Additionally, some life sciences matters may not benefit from the ITC. For example, certain life sciences patent disputes may involve claims of “safe harbor” protections. Acts falling into the “safe harbor” category can allow for importation of an infringing drug to the extent that the imported drug was used for activities “reasonably related” to obtaining FDA approval of the drug, for example. Such protections apply at the ITC. In addition, some disputes may be better, faster, and more cheaply handled in a completely different administrative forum, like the FDA. Other disputes involving generic manufacturers seeking abbreviated new drug application (ANDA) approval are normally brought in U.S. district court. Due to these issues and others, each case must be evaluated closely before deciding to go to the ITC.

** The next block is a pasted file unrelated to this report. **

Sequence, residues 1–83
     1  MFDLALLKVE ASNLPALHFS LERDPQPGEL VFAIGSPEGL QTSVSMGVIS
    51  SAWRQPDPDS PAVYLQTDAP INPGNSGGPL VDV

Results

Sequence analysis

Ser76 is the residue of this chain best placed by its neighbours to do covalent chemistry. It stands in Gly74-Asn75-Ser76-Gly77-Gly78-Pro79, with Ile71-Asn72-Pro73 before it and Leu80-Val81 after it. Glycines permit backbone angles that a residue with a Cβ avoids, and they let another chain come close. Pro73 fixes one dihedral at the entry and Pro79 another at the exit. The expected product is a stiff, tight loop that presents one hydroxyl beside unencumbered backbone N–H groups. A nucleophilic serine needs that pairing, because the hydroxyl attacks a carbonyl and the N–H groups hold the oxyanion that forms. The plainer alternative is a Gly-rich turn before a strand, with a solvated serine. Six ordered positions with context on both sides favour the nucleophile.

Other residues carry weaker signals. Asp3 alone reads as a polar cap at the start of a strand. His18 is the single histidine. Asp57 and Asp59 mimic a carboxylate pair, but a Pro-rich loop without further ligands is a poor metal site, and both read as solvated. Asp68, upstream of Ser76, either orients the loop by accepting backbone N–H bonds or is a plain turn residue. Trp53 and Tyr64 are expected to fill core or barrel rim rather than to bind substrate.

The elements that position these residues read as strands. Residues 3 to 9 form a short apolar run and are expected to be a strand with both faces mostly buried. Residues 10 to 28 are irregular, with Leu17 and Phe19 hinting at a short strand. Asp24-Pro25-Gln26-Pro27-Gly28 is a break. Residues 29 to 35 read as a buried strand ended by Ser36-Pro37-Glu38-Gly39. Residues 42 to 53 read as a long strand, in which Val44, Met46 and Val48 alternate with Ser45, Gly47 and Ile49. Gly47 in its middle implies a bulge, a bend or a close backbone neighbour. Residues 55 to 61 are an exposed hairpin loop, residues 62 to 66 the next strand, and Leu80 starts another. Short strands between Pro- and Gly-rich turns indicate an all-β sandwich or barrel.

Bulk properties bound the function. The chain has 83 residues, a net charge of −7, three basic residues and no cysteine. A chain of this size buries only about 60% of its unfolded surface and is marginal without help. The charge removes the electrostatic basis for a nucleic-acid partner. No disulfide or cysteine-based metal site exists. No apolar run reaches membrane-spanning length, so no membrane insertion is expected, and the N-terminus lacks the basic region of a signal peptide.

Advantages Of Leading Your Company Into Battle At The ITC
At a high level, for those IP disputes suited for the ITC, advantages the ITC offers include:
Powerful Litigation Asset
With the increasing globalization of the life sciences marketplace, industry executives are currently navigating a much broader range of IP issues than they have in the past. In this constantly evolving industry, the ITC can offer a powerful litigation weapon. But, the ITC is a weapon to be wielded with care, and life science executives should carefully consider the pros and cons of using the ITC (or having it being used against them) when shaping their IP strategies.
About The Author
Wil Rao is a shareholder at the IP-focused law firm of McAndrews, Held & Malloy, Ltd. in Chicago. He is a patent lawyer with extensive IP-based patent litigation experience, including cases involving the ITC and U.S. district courts in connection with IP disputes outside of the United States. This article represents his present views alone.